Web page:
Family Ties: Communicating Identity Through Jointly Told Family Stories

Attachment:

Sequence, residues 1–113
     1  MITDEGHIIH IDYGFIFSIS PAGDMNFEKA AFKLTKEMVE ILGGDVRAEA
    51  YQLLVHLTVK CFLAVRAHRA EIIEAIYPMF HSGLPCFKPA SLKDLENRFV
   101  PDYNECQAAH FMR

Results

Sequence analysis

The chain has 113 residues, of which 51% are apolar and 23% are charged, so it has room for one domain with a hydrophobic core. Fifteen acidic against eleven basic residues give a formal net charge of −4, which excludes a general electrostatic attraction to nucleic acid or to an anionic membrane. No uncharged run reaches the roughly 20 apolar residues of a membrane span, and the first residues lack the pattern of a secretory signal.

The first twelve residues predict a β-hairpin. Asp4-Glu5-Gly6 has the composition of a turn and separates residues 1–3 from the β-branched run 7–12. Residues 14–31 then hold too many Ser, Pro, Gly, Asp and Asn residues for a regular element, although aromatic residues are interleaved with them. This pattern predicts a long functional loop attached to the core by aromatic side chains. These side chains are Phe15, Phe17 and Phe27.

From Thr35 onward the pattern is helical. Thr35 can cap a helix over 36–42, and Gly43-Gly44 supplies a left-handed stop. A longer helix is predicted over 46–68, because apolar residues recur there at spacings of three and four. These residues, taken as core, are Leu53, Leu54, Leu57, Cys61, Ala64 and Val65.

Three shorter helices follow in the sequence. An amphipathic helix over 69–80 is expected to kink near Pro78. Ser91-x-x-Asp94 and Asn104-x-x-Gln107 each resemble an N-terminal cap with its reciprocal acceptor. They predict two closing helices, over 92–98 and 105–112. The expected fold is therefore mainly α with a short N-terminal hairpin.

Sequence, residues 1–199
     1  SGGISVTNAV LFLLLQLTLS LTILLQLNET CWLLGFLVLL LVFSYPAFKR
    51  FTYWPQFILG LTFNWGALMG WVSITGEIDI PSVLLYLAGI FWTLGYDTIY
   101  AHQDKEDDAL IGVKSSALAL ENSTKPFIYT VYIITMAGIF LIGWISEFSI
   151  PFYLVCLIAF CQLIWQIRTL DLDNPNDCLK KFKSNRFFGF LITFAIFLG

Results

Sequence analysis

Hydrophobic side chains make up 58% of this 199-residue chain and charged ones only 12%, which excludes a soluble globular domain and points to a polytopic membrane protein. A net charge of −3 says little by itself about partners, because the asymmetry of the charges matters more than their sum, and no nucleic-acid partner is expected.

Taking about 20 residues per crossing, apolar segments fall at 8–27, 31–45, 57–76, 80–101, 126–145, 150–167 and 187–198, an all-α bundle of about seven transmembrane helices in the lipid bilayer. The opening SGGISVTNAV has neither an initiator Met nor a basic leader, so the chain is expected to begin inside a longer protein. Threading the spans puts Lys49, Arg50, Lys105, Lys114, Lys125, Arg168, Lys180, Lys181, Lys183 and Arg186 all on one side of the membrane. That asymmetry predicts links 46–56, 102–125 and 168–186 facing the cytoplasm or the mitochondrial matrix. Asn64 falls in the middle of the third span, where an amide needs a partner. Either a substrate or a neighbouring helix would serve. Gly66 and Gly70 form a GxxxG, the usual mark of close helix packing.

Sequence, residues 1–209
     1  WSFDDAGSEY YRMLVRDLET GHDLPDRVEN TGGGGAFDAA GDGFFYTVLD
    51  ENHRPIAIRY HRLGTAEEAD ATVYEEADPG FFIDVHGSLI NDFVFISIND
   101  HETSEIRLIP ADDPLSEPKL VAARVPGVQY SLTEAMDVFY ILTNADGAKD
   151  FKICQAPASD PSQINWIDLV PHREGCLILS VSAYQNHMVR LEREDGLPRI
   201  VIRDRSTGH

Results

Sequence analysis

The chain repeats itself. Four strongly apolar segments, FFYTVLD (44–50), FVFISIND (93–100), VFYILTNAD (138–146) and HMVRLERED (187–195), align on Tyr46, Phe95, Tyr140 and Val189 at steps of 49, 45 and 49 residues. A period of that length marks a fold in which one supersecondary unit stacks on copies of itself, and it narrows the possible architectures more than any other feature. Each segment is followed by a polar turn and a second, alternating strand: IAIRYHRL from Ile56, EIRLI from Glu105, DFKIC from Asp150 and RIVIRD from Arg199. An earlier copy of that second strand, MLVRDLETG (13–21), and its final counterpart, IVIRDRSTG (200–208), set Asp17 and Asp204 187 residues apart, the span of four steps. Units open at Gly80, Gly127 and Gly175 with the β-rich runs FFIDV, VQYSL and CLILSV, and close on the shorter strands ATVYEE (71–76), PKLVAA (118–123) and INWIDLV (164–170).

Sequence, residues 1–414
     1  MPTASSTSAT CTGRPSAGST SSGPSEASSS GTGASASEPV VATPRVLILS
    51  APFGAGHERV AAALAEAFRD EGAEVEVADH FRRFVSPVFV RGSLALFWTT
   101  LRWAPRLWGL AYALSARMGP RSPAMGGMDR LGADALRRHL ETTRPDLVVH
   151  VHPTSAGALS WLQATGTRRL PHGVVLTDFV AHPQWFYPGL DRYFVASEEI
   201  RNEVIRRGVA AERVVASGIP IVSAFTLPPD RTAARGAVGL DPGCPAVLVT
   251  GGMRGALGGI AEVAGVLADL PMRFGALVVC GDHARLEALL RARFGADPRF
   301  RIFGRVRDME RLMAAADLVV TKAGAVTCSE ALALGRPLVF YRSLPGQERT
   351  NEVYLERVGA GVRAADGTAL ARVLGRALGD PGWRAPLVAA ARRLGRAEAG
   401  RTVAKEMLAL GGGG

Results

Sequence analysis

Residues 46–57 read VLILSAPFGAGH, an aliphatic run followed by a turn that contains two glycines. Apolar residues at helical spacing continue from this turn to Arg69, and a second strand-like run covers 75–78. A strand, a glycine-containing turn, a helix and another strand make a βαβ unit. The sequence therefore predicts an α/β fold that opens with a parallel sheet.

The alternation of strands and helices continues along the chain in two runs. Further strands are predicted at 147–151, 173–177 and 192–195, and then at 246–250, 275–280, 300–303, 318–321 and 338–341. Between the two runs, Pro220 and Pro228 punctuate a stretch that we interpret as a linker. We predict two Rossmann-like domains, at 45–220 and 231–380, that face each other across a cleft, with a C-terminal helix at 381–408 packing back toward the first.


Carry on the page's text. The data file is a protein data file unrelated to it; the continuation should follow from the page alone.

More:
Family stories work to construct family identity. Little research, however, has examined storytelling in families. This study examined storytelling content and process to assess the extent to which families jointly integrated or fragmented a shared sense of identity and how these discursive practices relate to family qualities. Results of a study involving 58 family triads indicate relationships between story theme (e.g., accomplishment vs. stress), person referencing practices (e.g., we-ness vs. separateness), and interactional storytelling behaviors (e.g., engagement, turn-taking). Moreover, story framing, perspective-taking, statements about selves-in-the-family, and identifying as a “storytelling family” emerged consistently as positive predictors of family satisfaction and functioning. The results offer a portrait of how families communicate identity and functioning in joint storytelling interactions and further position storytelling as a communication phenomenon worthy of consideration.
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